Day: April 2, 2020

CanadaInfo: Government in Canada

The Constitution of Canada divided the responsibilities of the Government into federal and provincial jurisdictions. It also provided for the possibility of the provincial governments to delegate some of its responsibilities to one or more municipal governments.

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The Federal Government is seated in Ottawa and is headed by the Governor General of Canada on the advice of the Prime Minister. Its responsibilities include:

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  • defence,
  • criminal law,
  • employment insurance,
  • postal service,
  • census,
  • copyrights,
  • trade regulation,
  • external relations,
  • money and banking,
  • transportation,
  • citizenship, and
  • Indian affairs.

The Consitution also specified that every issue not mentioned as belonging to the provincial or territorial governments comes under the power of the Federal Government. For more information on the Government of Canada, please continue on to the Federal Government page.


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Fireballs – American Meteor Society

This exceptionally bright fireball trail was photographed with a fish-eye camera at a Czech Republic station of the European Fireball Network on January 21, 1999. Monitored by three stations of this network, the luminous trail is measured to begin at an altitude of 81.9 kilometers and covered 71.1 kilometers in 6.7 seconds. It is thought likely that a small (a few hundred grams) meteorite survived this fiery fall to Earth and landed near the Czech-Poland border. Picture courtesy of P. Spurny , (Astronomical Institute, Ondrejov Observatory).

Bright Fireball Jan 21, 1999 Picture courtesy of P. Spurny

A fireball is another term for a very bright meteor, generally brighter than magnitude -4, which is about the same magnitude of the planet Venus as seen in the morning or evening sky. A bolide is a special type of fireball which explodes in a bright terminal flash at its end, often with visible fragmentation.

If you happen to see one of these memorable events, we would ask that you report it here to the American Meteor Society, remembering as many details as possible. This will include things such as brightness, length across the sky, color, and duration (how long did it last), it is most helpful of the observer will mentally note the beginning and end points of the fireball with regard to background star constellations, or compass direction and angular elevation above the horizon.

Individual reports are shared

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Federal Laws Prohibiting Job Discrimination: Questions And Answers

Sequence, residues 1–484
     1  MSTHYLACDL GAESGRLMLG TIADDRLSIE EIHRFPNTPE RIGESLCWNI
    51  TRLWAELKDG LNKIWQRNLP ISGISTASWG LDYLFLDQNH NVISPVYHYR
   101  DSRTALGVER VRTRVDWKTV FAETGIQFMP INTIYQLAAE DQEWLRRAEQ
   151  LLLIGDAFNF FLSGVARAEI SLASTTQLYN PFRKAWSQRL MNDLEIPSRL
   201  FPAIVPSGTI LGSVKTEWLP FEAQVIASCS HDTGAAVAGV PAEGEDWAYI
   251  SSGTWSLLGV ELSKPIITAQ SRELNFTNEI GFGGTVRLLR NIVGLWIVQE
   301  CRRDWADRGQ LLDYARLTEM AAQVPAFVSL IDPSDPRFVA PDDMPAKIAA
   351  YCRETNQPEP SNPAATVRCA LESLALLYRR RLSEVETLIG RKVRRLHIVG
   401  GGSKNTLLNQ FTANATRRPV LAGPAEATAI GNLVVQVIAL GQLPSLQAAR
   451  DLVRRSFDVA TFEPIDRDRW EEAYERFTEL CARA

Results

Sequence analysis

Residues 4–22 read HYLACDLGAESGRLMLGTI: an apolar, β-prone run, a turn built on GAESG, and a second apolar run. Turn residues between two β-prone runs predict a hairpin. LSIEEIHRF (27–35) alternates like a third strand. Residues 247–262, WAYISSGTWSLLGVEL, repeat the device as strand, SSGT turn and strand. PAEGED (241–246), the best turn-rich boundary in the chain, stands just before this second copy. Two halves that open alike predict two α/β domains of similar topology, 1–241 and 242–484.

Federal Laws Prohibiting Job Discrimination: Questions And<br /> Answers
The U.S. Equal Employment Opportunity Commission

Federal Equal Employment Opportunity (EEO) Laws

I. What Are the Federal Laws Prohibiting Job Discrimination?

  • Title VII of the Civil Rights Act of 1964 (Title VII), which prohibits employment discrimination based on race, color, religion, sex, or national origin;
  • the Equal Pay Act of 1963 (EPA), which protects men and women who perform substantially equal work in the same establishment from sex-based wage discrimination;
  • the Age Discrimination in Employment Act of 1967 (ADEA), which protects individuals who are 40 years of age or older;
  • Title I and Title V of the Americans with Disabilities Act of 1990, as amended (ADA), which prohibit employment discrimination against qualified individuals with disabilities in the private sector, and in state and local governments;
  • Sections 501 and 505 of the Rehabilitation Act of 1973, which prohibit discrimination against qualified individuals with
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The Society (TV series) – Wikipedia

2019 American mystery teen drama web television series

The Society is an American mystery teen drama web television series created by Christopher Keyser, that premiered on Netflix on May 10, 2019. The series stars Kathryn Newton, Gideon Adlon, Sean Berdy, Natasha Liu Bordizzo, Jacques Colimon, Olivia DeJonge, Alex Fitzalan, Kristine Froseth, Jose Julian, Alexander MacNicoll, Toby Wallace and Rachel Keller. In July 2019, the series was renewed for a second season, which is set to be released in 2020.[1]


The Society follows the story of a group of teenagers who must learn to run their own community after the rest of the population of their town (West Ham, Connecticut) disappears.[2] The mystery begins when the students of the local high school return early from a canceled field trip and find that everyone else is gone.[3] A dense forest appears surrounding the town; the

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Areas of Legal Practice – Different Types of Law

There are several types of law you’ll come across during your legal studies. On this page, you’ll find a comprehensive list of different areas of law you can choose to specialise in during your journey towards a career in law. Read more about the ones that interest you with our specific guides, and make sure you apply for work experience in these areas to see if they’re a good fit.

Struggling to choose which of the types of law you want to specialise in? Take our two-minute quiz!

Which area of law is right for you? Take the quiz!

Or take these steps to make a methodical decision about which area is your perfect area.

3 Areas of Law You’ve Never Considered >>

If there is an area of law you’re particularly interested in, take a look at our various Areas of Law pages, including:

Each of these more specific

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Global Information Locator Service (GILS) – making it easier to find all the information